41. 41.  physical examination:  asymptomatic gallstones have no abnormal findings on physical examination.  In acute cholecystitis  localized pain in the right upper quadrant, usually with rebound and guarding.  a positive Murphy sign (inspiratory arrest on deep palpation of the right upper quadrant during deep inspiration)  Tachycardia and diaphoresis may be present as a complications of cholelithiasis consequence of pain  In severe cases of acute cholecystitis, ascending cholangitis, or acute pancreatitis, bowel sounds are often absent or hypoactive.  Choledocholithiasis with obstruction of the common bile duct produces cutaneous and scleral icterus.  Acute gallstone pancreatitis is often characterized by epigastric tenderness Fever, vomiting, indigestion, diarrhea. Pain on the right side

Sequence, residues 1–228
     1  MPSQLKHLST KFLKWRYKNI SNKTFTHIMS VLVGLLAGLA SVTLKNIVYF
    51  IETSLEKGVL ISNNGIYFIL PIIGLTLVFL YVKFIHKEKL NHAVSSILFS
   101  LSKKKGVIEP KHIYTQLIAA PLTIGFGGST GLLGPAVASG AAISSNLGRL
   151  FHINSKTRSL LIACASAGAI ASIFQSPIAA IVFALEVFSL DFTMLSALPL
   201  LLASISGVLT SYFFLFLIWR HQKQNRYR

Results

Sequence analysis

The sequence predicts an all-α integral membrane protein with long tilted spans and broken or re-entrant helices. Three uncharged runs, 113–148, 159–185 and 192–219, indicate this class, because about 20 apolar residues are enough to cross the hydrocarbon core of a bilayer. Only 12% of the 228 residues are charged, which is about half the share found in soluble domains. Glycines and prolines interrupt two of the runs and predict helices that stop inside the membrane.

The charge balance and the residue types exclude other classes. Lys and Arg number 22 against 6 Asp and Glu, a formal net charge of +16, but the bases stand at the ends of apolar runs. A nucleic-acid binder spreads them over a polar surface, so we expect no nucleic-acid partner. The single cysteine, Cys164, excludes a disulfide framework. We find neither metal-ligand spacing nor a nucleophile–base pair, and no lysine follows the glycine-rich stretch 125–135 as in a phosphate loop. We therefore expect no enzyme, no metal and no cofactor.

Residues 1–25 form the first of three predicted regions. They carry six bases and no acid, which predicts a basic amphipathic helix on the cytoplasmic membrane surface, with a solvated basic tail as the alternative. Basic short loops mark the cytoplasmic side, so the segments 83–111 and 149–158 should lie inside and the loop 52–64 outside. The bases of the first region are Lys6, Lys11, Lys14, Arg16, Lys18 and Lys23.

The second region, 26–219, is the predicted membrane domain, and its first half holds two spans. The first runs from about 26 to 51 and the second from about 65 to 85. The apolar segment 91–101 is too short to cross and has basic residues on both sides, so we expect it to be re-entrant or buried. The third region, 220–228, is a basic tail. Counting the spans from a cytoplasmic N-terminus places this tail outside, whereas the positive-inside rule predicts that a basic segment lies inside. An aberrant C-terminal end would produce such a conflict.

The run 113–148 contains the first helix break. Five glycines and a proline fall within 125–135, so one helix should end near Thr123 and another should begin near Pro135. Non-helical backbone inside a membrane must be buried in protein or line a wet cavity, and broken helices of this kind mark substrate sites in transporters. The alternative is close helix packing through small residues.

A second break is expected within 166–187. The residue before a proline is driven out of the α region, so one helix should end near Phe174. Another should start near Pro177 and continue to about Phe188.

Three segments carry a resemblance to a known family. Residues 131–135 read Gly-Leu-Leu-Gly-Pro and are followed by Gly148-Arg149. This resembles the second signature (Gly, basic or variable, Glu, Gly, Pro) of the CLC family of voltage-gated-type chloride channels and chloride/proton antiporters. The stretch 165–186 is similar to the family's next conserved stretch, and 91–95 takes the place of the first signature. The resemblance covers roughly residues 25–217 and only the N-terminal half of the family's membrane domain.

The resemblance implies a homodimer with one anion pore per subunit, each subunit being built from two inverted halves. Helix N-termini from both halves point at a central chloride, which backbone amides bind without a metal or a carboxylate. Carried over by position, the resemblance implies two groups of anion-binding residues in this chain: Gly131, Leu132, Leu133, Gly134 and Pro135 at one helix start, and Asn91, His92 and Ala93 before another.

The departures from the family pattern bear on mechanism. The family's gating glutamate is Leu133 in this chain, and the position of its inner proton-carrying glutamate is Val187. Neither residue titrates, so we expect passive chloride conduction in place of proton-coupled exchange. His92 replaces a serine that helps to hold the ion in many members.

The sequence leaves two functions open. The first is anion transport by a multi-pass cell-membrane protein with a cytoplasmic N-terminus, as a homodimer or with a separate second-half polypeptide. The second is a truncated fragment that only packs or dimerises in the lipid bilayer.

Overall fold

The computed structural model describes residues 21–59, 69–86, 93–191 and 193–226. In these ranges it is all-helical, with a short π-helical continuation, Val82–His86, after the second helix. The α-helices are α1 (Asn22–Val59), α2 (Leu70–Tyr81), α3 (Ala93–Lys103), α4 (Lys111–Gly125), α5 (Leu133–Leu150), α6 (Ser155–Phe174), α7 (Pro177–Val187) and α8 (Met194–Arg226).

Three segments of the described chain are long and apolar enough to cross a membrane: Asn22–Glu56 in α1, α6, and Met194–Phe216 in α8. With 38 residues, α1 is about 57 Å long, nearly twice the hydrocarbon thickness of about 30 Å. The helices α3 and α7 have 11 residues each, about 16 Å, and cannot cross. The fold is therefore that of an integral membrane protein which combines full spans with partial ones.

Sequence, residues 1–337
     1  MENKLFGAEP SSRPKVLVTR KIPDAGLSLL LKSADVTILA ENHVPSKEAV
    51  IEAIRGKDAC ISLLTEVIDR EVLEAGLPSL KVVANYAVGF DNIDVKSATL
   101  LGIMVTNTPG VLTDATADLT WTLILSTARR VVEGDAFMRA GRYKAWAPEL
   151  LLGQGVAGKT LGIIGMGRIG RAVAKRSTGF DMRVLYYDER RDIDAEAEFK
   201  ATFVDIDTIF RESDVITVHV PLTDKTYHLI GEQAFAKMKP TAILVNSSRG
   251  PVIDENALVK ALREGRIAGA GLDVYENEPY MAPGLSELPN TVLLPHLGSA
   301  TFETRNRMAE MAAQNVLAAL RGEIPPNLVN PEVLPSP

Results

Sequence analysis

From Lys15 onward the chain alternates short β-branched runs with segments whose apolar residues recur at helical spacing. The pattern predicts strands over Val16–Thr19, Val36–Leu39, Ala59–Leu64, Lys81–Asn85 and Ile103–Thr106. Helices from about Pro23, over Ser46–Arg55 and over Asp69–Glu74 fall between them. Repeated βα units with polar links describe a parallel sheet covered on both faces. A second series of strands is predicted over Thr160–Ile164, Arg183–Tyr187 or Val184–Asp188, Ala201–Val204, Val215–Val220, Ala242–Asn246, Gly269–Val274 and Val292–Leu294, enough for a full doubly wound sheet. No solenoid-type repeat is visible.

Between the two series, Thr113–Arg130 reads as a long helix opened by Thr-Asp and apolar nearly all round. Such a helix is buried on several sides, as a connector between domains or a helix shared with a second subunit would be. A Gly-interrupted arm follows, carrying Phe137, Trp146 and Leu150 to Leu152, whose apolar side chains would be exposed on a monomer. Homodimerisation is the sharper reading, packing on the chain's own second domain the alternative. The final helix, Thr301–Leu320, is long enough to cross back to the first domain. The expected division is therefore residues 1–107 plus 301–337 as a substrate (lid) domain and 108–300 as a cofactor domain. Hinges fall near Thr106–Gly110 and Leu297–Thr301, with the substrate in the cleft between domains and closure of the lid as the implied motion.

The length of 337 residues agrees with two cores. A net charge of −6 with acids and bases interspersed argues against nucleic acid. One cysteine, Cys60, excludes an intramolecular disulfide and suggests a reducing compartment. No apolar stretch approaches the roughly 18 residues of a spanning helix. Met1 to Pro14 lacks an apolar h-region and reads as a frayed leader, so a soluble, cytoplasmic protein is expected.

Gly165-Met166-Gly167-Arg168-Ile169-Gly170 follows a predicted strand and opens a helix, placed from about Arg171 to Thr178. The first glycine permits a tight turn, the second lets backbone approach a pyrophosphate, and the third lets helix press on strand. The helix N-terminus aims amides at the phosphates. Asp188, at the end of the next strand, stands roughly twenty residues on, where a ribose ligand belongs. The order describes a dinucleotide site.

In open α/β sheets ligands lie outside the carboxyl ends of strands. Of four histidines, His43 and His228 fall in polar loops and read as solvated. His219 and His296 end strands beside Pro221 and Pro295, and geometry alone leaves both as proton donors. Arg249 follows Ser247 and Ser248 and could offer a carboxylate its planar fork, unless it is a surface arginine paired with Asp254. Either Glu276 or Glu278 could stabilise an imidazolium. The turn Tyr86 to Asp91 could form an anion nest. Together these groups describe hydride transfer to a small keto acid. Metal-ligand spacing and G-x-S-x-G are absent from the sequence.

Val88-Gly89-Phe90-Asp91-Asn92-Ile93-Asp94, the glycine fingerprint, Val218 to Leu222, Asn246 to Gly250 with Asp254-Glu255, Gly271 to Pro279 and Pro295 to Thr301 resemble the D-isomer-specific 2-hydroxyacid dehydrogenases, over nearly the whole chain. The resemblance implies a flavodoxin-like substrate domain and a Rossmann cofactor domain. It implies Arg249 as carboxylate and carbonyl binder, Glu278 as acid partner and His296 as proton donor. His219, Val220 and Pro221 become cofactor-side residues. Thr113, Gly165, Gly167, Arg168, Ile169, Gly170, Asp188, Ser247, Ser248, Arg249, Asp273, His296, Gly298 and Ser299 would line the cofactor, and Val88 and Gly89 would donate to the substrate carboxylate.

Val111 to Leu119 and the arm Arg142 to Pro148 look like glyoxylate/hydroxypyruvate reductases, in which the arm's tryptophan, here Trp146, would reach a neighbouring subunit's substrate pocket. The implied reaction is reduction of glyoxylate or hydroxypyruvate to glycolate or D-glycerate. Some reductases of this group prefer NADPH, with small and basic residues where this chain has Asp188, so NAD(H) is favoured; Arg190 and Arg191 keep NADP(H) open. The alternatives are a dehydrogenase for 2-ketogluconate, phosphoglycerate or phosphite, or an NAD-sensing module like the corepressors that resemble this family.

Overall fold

42. 42. According to book According to my patient Blood Studies  complete blood cell (CBC) count with differential  , liver function panel, and  amylase and  lipase.  CBD) obstruction initially produces an acute increase in the level of liver transaminases (alanine and aspartate aminotransferases), followed within hours by a rising serum bilirubin level. •Liver function test done in my patient and values are normal. •alkaline phosphatase done in my patient and slight low value.
  43. 43. According to book According to my patient  If obstruction persists, a progressive decline in the level of transaminases with rising alkaline phosphatase.  . Prothrombin time may be elevated in patients with prolonged CBD obstruction,  Concurrent obstruction of the pancreatic duct by a stone in the ampulla of Vater may be accompanied by increases in serum lipase and amylase levels. •Prothrombin time is done and it is normal. • Not done.